I have written in the past about my mother and her horrific battle with metastatic breast cancer. My mother passed away on September 1 and there have been a number of situations since then that have brought up memories coupled with a series of emotions. I am certainly not unique in the category of losing a loved one, as so many people have dealt with loss. I think we can all agree, it sucks pretty bad. I had a tough time a few weeks ago, as it was my mother’s birthday and the first one we experienced without her. There have been many firsts this year without my mom and it has become “The new normal.” I don’t like the new normal. The new normal makes me uncomfortable. The new normal forces me to do things that I would not typically do for the family if my mother was around. The new normal leaves me struggling to find the right words to say to my brother and dad in certain conversations. I don't like the new normal; however, the new normal is not all bad.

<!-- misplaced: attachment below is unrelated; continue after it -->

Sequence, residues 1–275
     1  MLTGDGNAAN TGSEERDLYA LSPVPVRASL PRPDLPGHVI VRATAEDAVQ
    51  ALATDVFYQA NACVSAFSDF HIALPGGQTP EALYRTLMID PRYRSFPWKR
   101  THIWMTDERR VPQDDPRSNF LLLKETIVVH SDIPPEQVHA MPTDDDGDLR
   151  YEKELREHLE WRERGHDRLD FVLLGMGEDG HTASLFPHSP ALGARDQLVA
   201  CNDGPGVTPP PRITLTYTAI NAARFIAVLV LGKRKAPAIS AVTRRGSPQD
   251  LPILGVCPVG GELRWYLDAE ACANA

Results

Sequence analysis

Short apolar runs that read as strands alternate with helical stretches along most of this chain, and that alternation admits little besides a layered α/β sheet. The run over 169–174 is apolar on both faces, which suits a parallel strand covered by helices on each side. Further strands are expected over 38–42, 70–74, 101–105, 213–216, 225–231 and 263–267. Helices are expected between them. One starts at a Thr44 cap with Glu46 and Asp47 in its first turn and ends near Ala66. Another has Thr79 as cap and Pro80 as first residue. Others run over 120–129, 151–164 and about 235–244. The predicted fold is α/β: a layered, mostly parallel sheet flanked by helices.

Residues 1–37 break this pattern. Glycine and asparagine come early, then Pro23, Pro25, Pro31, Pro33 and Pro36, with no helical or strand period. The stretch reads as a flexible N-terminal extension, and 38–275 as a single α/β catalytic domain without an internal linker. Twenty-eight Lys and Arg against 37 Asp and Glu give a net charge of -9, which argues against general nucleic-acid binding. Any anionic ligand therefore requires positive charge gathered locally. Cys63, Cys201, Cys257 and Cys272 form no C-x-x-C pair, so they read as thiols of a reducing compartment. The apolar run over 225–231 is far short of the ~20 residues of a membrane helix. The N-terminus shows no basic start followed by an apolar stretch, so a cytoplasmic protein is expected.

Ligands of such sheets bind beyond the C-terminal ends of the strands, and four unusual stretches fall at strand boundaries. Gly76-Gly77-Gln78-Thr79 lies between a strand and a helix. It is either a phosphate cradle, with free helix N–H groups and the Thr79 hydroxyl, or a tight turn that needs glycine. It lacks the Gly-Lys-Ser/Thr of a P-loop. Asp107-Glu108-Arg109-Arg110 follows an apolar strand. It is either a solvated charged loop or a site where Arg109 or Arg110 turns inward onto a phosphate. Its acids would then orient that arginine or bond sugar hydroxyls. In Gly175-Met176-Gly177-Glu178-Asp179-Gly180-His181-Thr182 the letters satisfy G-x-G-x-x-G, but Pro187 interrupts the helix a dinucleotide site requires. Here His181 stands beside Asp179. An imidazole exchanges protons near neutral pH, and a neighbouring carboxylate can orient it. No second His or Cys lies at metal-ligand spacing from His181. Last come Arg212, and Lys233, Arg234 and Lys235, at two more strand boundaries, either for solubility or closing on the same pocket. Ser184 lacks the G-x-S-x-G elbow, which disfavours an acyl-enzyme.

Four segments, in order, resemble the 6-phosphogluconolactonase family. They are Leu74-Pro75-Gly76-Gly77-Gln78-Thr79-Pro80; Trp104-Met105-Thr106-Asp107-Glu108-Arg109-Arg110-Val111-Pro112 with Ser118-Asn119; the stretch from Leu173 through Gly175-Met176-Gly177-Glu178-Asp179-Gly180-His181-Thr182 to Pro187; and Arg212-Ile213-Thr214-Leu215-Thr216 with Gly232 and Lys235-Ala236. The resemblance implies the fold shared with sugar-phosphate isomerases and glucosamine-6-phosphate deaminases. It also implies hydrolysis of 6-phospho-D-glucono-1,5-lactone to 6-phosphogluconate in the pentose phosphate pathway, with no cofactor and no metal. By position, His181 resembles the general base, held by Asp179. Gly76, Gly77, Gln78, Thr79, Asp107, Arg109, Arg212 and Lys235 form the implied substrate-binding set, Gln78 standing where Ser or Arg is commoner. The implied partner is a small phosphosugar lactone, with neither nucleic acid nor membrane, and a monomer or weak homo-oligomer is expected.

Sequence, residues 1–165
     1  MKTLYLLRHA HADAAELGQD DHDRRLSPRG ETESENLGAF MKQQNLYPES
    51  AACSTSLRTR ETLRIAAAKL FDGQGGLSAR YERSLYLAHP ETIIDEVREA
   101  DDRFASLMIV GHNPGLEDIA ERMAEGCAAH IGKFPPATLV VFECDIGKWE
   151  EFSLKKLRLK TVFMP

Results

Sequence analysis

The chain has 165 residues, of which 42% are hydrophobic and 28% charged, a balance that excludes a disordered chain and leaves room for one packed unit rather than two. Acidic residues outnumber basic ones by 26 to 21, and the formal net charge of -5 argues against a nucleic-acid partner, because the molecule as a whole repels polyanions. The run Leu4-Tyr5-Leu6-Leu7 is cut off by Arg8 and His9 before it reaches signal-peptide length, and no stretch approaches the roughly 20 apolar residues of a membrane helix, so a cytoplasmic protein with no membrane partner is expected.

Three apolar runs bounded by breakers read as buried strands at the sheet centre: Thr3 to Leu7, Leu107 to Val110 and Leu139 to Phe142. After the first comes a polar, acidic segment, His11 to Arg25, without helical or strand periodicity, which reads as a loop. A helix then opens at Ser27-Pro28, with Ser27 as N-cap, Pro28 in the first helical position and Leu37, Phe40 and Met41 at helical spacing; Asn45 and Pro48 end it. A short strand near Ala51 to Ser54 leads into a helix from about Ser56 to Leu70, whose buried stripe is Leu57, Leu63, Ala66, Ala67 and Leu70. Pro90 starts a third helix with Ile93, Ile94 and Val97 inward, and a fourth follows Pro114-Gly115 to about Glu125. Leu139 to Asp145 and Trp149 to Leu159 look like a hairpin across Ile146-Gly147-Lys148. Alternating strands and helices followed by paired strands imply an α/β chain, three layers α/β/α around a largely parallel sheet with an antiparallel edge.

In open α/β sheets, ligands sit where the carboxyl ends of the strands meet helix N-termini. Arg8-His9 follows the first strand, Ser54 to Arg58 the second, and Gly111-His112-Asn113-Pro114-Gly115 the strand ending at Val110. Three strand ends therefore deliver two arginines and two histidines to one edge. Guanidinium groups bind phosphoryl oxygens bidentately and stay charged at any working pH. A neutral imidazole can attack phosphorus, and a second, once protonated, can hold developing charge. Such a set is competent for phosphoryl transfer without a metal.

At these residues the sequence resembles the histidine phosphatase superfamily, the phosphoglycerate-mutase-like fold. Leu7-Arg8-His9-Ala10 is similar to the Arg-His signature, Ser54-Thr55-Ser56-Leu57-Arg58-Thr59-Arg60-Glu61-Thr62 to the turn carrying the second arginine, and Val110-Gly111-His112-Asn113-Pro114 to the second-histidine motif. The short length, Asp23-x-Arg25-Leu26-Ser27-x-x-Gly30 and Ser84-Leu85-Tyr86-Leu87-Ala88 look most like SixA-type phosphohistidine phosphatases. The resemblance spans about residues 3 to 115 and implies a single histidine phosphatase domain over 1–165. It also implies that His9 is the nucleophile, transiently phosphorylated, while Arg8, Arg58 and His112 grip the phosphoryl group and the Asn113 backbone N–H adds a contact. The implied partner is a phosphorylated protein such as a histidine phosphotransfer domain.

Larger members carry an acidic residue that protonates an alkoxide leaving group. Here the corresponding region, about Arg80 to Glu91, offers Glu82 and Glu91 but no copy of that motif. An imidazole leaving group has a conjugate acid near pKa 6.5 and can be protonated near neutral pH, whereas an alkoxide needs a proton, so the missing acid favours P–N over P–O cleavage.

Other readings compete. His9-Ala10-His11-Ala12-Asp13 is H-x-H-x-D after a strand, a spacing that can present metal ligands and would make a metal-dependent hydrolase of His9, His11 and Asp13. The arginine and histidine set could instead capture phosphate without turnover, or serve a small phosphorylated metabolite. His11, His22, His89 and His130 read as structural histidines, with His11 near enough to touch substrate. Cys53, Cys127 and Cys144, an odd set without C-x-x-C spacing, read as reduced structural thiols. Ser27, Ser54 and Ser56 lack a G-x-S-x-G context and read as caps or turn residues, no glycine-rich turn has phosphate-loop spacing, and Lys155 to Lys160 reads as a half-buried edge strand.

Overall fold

The new normal allows me to talk more seriously with my brother about issues and feelings that matter. The new normal opens my eyes to see that my father is not actually Superman and needs help as well. The new normal allows me to appreciate even more how caring of a wife I have. The new normal allows me to step back and realize how amazing my mother truly was. I bring this up not to draw tears and make people sad, but to allow you to realize that as an educator, you are experiencing a new normal quite often. There is one constant in this crazy game of education and it is change.
We are continually evolving as educators whether we are implementing a new literacy curriculum, a trauma-responsive model to best meet the needs of all kids, adjusting a management procedure in an effort to be more efficient, or redesigning learning spaces to provide more engaging environments. Within this evolution comes emotions similar to the ones I described above. By nature, we like to be comfortable while going down the path that is familiar and safe. There is nothing wrong with this, but it is key to realize when change or the new normal arrives, we have a choice: hang our heads, pout about the Good Ole Days and nostalgia OR learn, move forward, embrace it, and get better. I choose the latter. I miss my mother every day, but I can honestly say I’m a better person from experiencing the new normal.